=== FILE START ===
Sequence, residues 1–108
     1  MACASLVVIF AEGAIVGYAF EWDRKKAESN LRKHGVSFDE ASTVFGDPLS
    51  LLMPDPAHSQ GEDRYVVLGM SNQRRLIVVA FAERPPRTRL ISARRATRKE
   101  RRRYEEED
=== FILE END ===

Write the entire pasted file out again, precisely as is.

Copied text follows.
Sequence, residues 1–108
     1  MACASLVVIF AEGAIVGYAF EWDRKKAESN LRKHGVSFDE ASTVFGDPLS
    51  LLMPDPAHSQ GEDRYVVLGM SNQRRLIVVA FAERPPRTRL ISARRATRKE
   101  RRRYEEED